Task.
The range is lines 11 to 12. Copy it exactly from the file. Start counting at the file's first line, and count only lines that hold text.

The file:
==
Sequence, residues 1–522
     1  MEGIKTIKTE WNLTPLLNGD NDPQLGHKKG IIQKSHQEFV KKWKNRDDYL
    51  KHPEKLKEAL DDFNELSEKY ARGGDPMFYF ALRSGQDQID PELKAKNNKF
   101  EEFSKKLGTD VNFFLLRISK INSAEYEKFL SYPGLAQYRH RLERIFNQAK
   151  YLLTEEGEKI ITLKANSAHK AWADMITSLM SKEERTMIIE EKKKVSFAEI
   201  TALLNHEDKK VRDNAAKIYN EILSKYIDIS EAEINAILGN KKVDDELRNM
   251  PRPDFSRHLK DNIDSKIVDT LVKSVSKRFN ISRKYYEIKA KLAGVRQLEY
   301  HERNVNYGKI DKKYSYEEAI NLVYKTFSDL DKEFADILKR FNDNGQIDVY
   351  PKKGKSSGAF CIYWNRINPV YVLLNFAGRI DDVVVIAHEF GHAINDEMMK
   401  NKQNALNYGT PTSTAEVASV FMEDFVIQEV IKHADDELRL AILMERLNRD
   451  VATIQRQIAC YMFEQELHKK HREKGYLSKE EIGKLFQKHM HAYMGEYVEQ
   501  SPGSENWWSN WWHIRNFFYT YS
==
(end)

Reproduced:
   451  VATIQRQIAC YMFEQELHKK HREKGYLSKE EIGKLFQKHM HAYMGEYVEQ
   501  SPGSENWWSN WWHIRNFFYT YS